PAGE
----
Hundreds of shoppers were waiting in a line that circled the parking lot early Thursday morning in Virginia Beach, Va., when Lidl US opened the doors and let them in.
As they filled their carts with 89-cent pineapples, 83-cent eggs and $19.99 kettle grills they may also have been witness to a small revolution in U.S. food retailing.
Lidl, which in addition to the Virginia Beach store on Thursday opened in nine other U.S. cities on the Mid-Atlantic coast for the first time, and has announced plans to open at least 100 stores in the next 12 months, debuted a bright, large hard-discount store that is arguably the first such model designed for the modern American shopper, and its influence is likely to be felt across the food retailing landscape, bringing new pressure to an industry already struggling with overcapacity, slackening consumer demand, food price deflation and a shopper base that expects quality, convenience and sharp pricing. Anticipation of Lidl’s arrival was a factor in any number of transformative events in the industry over the past few years, from Walmart’s price and service initiatives, to the Ahold Delhaize merger, to the announcement of $5 billion in renovations and new store announcements made recently by its German counterpart, Aldi.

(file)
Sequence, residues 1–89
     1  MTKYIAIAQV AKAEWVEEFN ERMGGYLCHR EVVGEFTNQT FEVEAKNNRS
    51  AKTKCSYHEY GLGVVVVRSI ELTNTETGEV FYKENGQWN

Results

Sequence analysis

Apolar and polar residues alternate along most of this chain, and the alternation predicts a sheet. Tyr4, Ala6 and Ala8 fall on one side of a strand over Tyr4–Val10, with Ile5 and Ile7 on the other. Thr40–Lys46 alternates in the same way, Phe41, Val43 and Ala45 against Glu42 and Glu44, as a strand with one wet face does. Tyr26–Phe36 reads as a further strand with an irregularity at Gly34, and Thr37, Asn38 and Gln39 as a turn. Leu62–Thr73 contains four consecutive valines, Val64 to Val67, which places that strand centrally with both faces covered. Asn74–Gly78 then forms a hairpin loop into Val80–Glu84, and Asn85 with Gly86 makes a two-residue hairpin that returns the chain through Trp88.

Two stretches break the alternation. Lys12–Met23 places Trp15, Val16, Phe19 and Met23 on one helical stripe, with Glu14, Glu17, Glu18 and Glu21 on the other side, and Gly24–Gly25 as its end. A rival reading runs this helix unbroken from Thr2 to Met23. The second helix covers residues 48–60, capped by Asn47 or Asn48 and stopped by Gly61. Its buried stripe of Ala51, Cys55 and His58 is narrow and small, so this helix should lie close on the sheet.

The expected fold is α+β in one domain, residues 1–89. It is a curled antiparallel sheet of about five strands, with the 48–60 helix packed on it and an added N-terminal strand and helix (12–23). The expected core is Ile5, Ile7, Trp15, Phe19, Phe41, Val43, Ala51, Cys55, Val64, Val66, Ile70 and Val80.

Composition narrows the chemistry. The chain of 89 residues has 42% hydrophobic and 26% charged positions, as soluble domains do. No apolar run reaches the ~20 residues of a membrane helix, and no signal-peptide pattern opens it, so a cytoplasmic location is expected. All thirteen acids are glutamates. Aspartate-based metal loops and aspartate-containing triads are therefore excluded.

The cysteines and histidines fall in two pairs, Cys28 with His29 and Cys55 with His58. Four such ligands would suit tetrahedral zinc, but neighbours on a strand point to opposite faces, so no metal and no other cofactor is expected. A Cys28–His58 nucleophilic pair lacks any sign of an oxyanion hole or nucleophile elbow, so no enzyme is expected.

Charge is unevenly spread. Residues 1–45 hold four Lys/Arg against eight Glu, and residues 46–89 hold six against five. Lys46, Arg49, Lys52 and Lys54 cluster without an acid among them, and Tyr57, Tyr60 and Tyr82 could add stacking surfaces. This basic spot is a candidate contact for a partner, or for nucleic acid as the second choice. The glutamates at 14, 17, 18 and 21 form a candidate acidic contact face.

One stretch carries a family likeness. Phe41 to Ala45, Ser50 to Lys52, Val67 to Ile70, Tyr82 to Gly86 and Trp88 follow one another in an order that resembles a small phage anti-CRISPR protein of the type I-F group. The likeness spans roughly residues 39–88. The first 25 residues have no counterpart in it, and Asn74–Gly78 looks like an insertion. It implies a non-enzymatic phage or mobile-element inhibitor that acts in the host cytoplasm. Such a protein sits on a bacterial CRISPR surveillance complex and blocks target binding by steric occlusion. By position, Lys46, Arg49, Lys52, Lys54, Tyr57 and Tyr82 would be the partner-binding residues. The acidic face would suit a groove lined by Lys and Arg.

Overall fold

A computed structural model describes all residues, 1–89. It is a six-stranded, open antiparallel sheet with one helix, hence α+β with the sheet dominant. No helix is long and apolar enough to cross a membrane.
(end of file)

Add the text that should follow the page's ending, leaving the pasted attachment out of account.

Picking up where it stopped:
Brendan Proctor, CEO of Lidl US, in an interview at the Virginia Beach store Thursday morning framed the opening as the start of a challenge for Lidl as well.
“It’s not about whether our model works in a market, it’s about what we have to do to adapt to the market. Today is the day we start that work,” he said. “We will study the shoppers coming through today, and the products they are purchasing, and the volumes in which they are purchasing them and those will be the first learnings for us, as to what customers see as our strengths, and on that we’ll start to work.”
Lidl’s U.S. stores, however, already reflect considerable forethought to how to serve the U.S. customer in a way that’s markedly different than its units in Europe, and how discount stores tend to operate in the U.S. For one thing at 36,000 square feet — 21,000 of which is floor selling space — its U.S. stores are 35% larger than its biggest units in Europe, Proctor said. Their distinct appearance, made of red brick with arching walls of floor-to-ceiling glazed glass, reflect learnings from focus groups who told Lidl executives its European stores with exterior aluminum panels more closely resembled a car dealership than a supermarket. Coin-released shopping carts, a staple of Lidl’s Europe stores — not to mention that of Aldi in the U.S. — are nowhere to be found.